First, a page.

How well does in-flight WiFi work?
mstrauss 2 years ago
I have a business trip scheduled to Frankfurt next month and was thinking of turning the flight over into a working event instead of our normal transcontinental Mad Men style multi-hour cocktail party. Does anyone have any experience with in-flight Wi-Fi? Does it work well enough to actually use for work, which would probably consist mostly of exchanging/editing text documents, email and Skype, or should I just go ahead and order another Manhattan?
Topic: Mobile & WirelessAnswer this Question
Ask a question
Best Buy's CEO says PC sales are recovering as tablets "crash."
French carrier Iliad's surprise unsolicited bid for T-Mobile US may be good news for everyone but Sprint.
The Qi wireless charging spec added a resonance extension to its existing induction spec, meaning enabled mobile devices can be charged more than an inch away from the pad.
The U.S. Federal Trade Commission failed to adequately consider the consumer benefits of easy in-app purchases in its recent complaints accusing Apple and Amazon.com of allowing children to buy digital products without parental permission, according to some critics of the agency.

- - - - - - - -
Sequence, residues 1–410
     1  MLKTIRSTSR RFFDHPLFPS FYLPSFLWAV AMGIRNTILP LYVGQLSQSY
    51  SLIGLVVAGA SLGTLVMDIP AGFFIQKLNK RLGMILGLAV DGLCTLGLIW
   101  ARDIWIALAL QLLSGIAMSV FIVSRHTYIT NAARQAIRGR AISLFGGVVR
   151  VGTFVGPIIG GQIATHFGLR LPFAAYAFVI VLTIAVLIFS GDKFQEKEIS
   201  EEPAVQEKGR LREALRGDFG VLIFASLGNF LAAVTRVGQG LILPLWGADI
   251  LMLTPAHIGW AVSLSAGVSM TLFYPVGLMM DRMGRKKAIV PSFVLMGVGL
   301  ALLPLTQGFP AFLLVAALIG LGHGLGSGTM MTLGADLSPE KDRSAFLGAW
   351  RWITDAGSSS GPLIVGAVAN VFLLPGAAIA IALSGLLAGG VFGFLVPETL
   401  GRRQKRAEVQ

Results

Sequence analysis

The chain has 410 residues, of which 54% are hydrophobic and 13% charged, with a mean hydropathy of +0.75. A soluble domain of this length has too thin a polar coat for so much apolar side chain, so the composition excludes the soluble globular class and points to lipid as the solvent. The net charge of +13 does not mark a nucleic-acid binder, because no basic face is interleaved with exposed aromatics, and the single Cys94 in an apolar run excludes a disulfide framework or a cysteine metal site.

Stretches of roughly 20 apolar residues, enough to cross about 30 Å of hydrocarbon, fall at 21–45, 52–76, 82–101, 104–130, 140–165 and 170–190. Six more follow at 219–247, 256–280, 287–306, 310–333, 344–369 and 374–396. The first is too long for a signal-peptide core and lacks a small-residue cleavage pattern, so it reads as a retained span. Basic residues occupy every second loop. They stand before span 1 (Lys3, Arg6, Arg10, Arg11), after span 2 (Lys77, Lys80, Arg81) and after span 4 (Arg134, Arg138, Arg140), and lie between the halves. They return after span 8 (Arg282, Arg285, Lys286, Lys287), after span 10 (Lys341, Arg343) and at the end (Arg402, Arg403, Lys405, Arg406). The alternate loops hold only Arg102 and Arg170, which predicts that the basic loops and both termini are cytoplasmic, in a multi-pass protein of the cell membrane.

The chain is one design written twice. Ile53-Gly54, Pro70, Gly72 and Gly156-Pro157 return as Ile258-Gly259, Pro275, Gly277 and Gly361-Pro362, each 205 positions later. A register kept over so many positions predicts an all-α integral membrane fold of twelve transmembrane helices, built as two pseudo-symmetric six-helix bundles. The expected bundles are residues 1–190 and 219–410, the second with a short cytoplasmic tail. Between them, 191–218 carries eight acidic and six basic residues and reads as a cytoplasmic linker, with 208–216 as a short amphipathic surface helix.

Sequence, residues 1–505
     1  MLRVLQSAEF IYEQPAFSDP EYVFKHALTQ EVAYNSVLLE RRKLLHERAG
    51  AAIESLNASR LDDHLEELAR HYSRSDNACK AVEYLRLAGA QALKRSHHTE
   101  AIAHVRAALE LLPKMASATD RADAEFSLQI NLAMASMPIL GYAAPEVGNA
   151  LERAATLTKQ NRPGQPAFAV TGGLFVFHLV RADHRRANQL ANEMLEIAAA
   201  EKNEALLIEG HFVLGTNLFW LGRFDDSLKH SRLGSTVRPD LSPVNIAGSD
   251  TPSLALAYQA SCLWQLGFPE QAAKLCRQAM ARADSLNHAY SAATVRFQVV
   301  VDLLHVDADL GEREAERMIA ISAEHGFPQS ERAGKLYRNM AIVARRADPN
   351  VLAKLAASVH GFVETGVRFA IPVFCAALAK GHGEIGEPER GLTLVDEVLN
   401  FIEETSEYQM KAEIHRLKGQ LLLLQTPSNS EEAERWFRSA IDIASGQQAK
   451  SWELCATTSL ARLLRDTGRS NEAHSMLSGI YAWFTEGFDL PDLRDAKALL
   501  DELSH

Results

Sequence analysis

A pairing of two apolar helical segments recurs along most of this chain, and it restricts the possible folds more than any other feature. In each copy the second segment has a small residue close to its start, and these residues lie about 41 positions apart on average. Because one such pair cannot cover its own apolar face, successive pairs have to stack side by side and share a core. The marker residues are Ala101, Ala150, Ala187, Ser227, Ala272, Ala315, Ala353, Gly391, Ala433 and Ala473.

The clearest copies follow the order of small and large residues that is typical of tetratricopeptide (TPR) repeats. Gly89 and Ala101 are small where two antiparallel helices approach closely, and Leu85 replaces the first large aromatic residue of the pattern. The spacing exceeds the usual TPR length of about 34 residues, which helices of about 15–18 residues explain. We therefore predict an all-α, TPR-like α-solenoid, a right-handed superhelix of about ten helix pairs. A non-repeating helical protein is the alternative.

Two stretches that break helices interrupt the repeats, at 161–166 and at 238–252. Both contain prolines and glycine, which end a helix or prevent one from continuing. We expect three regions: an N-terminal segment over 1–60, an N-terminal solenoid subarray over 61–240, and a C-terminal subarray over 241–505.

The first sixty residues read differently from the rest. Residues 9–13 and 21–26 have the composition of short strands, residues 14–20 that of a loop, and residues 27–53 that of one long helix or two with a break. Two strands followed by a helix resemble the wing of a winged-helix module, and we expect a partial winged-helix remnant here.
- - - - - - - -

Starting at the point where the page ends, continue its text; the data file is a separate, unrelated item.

French mobile operator Iliad has offered to buy T-Mobile US, the fourth-largest U.S. cellular carrier, in a bid that could complicated an offer reportedly in the works at Sprint.
Facebook introduced an app on Thursday that will give mobile phone subscribers in Zambia access to a set of free basic mobile data services -- and Facebook.
FCC Chairman Tom Wheeler has sharply questioned Verizon Wireless over its plan announced last week to throttle mobile data speeds for customers with unlimited plans.
Mobile carriers have pulled in hundreds of millions in profits through third-party charges tacked onto customers' bills without their consent, according to a report from a U.S. Senate committee.
The camera's the thing--or is it? Rumored 'Tesla' and 'Superman' Windows Phones show two sides to Microsoft's strategy.
The Alliance of Artists and Recording Companies is suing Ford and General Motors for violating copyrights with the CD-ripping capability of their cars. The lawsuit calls for punitive damages equal to $2,500 per CD-R player installed.
White Papers & Webcasts